11/27/2019, 09.57
SAUDI ARABIA
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Riyadh, new repression of dissent: nine intellectuals and writers arrested

Alqst reports a campaign of arrests, with raids on private homes in Riyadh and Medina. Computers and mobile phones seized. Other people targeted by the authorities. "Shocking" and "vast" repression because it affects people who have "quit" their activism some time ago.

Riyadh (AsiaNews) - The vast majority of dissident personalities and critics of the leadership in power in Saudi Arabia is now silenced. According to the independent NGO Alqst, in the context of a new campaign of repression launched in mid-November, security forces arrested nine intellectuals and writers. The authorities carried out a series of raids on private homes in Riyadh and Medina, seizing computers and mobile phones.

In the note, Alqst activists say they have information that other people have also ended up in prison. However, at present there are still no official confirmation of their names and for this reason they have not been made public.

The profiles of the imprisoned persons are distinguished, to a certain extent, by those arrested in the past. "This latest wave of arrests is particularly shocking - says Josh Cooper, deputy director of Alqst contacted by L’Orient-Le Jour - mainly because most of the people arrested have put an end to their activism for many years." This suggests, he adds, "that we are facing a very large campaign of repression".

The Saudi activist Hala al-Dosari reports that "most" of the people detained "were engaged in public debate" during the period of the Arab revolts, between 2011 and 2013. Fouad al-Farhan was arrested "for his intellectual work ", while Souleiman al-Nasser" for the opinions expressed ".

According to Ali Adubisi, director of the European-Saudi Organization for Human Rights, "the Saudi authorities want to make sure that nothing can happen in the future. Anyone who has written or reacted in favor of the 2011 event [the Arab Spring] or in favor of human rights is a possible goal ”.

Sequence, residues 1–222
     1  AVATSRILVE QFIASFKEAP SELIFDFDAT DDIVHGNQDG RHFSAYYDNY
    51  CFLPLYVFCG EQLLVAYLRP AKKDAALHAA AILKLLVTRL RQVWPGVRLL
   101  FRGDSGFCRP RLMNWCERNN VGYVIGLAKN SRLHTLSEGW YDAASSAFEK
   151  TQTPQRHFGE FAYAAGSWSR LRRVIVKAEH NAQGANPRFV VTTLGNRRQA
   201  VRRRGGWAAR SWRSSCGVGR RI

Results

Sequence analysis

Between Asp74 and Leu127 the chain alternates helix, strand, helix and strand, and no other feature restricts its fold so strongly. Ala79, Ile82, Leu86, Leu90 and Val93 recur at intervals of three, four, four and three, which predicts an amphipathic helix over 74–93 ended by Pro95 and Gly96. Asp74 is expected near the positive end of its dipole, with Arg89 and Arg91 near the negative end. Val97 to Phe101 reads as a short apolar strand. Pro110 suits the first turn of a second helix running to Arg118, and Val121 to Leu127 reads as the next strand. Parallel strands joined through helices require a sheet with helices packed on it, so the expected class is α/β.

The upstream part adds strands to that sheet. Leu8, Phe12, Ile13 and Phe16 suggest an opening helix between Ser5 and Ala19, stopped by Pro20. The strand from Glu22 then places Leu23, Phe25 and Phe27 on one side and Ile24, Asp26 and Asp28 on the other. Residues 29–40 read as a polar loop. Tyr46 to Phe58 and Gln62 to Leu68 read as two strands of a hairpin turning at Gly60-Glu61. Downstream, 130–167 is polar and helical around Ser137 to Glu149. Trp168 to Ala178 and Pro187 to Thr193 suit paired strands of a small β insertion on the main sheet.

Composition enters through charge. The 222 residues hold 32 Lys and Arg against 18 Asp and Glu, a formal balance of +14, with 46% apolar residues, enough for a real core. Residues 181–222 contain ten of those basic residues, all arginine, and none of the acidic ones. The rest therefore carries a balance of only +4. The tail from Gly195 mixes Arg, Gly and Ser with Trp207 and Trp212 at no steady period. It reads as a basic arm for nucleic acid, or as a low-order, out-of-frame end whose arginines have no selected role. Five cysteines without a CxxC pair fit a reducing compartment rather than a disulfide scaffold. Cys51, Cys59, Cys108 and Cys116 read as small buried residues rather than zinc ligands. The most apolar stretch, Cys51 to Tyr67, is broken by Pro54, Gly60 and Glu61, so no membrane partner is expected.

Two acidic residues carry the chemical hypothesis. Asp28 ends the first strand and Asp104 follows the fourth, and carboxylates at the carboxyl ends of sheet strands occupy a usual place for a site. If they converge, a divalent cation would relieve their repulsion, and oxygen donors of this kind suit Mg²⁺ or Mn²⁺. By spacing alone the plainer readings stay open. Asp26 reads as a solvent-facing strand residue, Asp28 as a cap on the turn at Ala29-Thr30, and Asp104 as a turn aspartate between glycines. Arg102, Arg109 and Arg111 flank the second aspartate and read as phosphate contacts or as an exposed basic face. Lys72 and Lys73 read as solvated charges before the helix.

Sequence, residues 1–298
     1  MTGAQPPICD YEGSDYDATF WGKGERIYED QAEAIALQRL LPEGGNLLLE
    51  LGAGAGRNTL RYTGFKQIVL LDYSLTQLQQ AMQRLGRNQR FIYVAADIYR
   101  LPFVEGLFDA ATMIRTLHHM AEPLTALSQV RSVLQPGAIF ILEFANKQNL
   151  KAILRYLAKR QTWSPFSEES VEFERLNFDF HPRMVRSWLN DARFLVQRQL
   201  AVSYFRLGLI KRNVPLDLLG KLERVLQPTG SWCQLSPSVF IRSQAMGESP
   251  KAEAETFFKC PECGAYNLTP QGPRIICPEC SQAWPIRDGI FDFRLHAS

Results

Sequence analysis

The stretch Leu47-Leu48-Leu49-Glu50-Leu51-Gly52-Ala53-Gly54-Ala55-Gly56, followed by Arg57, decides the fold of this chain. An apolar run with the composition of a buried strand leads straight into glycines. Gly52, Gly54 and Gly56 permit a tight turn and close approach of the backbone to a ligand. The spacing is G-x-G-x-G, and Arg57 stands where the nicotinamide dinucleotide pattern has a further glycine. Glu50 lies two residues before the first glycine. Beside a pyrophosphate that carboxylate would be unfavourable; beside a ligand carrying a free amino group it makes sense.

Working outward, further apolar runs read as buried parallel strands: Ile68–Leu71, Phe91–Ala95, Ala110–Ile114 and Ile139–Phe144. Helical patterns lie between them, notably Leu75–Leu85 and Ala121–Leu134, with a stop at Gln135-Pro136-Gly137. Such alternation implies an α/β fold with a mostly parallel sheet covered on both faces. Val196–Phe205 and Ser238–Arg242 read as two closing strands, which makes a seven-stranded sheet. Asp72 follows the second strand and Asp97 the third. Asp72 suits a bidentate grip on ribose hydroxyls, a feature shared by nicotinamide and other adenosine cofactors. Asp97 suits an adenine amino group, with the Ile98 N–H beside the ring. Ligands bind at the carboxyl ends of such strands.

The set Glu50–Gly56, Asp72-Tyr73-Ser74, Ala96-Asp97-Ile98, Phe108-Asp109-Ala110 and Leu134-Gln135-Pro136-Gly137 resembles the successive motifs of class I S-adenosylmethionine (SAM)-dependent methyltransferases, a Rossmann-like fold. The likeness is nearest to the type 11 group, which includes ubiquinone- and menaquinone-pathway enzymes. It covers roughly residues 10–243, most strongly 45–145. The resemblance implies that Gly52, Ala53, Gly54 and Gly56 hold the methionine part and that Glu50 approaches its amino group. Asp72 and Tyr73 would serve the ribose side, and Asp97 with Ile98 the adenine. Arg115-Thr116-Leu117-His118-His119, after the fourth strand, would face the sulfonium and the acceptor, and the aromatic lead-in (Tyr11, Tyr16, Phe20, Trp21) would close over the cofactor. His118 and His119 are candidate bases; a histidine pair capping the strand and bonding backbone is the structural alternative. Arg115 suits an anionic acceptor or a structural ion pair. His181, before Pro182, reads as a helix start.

Saudi Arabia is governed by an absolute Sunni monarchy, based on a Wahhabi fundamentalist view of Islam.

Over the past two years, the Crown Prince’s social reforms included granting women the right to drive cars and to attend sporting events in designated areas of stadiums.

However, the authorities have also cracked down on senior officials, business people, activists and critical voices, most notably in the Jamal Khashoggi affair, raising questions about the real extent of change.

According to various NGOs and international activists, the fact that the Saudi authorities think they can continue to arrest and repress intellectuals and dissidents "with complete impunity" is a direct consequence of the lack of accountability on the part of the international community. At a time when the economy is opening up to the outside and social reforms (some and partial) are being introduced, the Riyadh leaders are convinced that the violent repression of dissent and criticism is less of a sensation.

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